Materials science giant Dow and advanced plastic recycling firm Mura Technology have announced plans to build a number of facilities across Europe and US.
These advanced plastic recycling facilities are expected to treat 120,000 tonnes of plastics, collectively adding 600,000 tonnes of annual capacity.
Dow will be a key user of Mura’s plastic feedstock, which is derived from material that would currently go to landfill or incineration.
Instead, the Mura HydroPRS process creates virgin-grade recycled plastic using supercritical steam to produce fossil-equivalent building blocks for new polymers.
The world’s first plant using this process is expected to open in Teesside in 2023, with capacity for 20,000 tonnes per year. This production line will supply Dow with 100% recycled feedstock.
Dow advanced recycling director Marc van den Biggelaar said: “”The strengthening of Dow and Mura’s partnership is another example of how Dow is working to build momentum around breakthrough advanced recycling technologies.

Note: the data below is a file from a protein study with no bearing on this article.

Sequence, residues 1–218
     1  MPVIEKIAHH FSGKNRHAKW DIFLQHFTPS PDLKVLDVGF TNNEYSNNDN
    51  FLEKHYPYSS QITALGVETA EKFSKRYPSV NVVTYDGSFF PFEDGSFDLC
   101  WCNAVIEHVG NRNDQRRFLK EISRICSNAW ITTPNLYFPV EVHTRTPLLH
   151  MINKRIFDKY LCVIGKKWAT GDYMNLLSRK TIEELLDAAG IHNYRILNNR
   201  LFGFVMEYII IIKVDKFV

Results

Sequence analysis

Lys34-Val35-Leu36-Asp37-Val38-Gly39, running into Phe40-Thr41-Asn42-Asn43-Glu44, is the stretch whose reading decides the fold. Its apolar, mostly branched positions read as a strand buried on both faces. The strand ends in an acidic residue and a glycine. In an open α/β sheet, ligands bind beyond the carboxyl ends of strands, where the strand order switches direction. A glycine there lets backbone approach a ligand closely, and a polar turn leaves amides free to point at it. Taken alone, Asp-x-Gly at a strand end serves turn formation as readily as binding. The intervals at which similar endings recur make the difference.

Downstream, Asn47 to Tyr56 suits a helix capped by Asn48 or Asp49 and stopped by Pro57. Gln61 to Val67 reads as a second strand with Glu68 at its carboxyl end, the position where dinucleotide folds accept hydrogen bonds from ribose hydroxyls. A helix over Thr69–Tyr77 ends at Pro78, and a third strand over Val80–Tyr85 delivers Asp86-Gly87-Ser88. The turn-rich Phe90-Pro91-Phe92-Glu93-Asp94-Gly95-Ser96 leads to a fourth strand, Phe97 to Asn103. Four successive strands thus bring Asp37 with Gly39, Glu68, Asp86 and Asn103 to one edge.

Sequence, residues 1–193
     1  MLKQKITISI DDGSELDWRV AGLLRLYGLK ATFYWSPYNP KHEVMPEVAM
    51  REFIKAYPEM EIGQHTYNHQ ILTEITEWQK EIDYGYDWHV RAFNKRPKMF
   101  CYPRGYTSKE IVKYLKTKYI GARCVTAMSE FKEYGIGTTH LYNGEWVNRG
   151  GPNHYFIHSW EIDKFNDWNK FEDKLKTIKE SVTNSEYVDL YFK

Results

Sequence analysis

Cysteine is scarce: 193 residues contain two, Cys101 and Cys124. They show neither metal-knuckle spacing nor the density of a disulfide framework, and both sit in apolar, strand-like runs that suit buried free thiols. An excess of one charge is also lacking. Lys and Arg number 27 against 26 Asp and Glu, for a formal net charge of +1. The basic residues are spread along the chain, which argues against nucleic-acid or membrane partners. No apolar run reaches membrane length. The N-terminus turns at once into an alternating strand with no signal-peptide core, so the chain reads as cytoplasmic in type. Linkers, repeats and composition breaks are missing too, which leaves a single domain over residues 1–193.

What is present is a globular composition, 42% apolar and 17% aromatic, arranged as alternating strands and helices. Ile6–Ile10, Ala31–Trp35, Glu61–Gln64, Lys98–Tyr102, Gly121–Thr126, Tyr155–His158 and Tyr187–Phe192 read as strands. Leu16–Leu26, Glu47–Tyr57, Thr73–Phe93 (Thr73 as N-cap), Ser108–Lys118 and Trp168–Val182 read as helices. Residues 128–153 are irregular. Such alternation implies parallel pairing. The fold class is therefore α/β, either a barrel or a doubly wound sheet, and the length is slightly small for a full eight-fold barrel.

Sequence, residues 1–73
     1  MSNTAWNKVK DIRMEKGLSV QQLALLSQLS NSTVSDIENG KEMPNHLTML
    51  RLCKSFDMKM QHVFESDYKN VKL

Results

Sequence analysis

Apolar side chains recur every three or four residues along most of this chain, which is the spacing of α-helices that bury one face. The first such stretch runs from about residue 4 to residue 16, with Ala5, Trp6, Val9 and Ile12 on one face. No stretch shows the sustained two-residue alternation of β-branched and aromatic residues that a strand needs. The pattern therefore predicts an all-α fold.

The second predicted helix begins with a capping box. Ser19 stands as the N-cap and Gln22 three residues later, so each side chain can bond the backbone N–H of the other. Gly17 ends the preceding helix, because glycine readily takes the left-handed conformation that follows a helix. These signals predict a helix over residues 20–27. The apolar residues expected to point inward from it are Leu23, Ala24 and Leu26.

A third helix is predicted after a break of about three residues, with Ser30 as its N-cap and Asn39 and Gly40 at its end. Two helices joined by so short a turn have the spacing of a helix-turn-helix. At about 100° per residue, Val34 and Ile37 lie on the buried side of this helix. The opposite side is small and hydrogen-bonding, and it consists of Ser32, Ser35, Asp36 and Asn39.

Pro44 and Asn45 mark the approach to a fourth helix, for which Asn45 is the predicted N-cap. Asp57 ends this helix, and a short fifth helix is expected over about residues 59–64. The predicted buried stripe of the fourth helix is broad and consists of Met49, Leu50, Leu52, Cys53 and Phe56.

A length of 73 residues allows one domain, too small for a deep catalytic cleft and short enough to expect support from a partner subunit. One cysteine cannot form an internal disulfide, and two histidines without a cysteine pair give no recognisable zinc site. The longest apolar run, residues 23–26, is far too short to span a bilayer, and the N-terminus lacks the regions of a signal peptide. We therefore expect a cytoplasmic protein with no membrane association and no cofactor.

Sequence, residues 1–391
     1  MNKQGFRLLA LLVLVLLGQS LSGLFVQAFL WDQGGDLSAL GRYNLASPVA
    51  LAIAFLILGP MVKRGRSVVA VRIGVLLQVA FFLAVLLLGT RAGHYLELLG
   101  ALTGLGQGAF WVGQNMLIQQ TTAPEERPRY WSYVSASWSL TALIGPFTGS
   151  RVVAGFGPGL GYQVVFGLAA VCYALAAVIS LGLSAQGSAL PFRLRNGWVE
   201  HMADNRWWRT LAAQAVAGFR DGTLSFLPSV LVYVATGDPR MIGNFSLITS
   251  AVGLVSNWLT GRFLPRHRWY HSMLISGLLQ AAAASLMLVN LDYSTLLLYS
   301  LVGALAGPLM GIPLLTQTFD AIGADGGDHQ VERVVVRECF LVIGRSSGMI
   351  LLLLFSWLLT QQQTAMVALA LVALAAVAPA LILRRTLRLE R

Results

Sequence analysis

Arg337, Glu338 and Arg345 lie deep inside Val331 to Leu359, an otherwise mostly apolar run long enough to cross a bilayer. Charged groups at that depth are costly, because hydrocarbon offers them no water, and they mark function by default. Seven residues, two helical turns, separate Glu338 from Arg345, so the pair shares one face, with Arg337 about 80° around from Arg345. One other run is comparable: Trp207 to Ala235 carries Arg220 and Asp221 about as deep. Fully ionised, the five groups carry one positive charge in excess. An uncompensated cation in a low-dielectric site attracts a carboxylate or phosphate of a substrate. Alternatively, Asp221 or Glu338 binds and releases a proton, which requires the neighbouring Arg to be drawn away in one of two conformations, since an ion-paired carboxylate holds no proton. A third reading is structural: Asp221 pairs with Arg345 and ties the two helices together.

“By investing in new applications, Dow is working to meet the increased demand for recycled material from its customers and make a meaningful impact on the supply chain, helping to close the loop on plastic waste.
“Dow is committed to accelerating a circular economy for plastics and our expanded partnership with Mura marks a significant step on this journey. As a long-term partner, we are excited about the potential of this process to recycle plastics and help solve the plastic waste challenge.”
Mura Technology chief executive Steve Mahon said: “Mura’s technology is designed to champion a global circular plastics economy, and our partnership with Dow is a key enabler to bringing HydroPRS to every corner of the globe.
“This next step in our partnership and the resources provided by Dow will allow us to finance and dramatically increase recycling capacity and enable circular plastics to enter global supply chains at scale.”
Dow has also announced that it has invested in French recycling company Valoregen to help it build the largest hybrid recycling site in France. This facility, which will be owned and operated by Valoregen will look to combine mechanical and chemical recycling facilities on one site.
It has also signed a letter of intent with Nexus Circular for a plant in Texas to treat previously non-recycled plastics.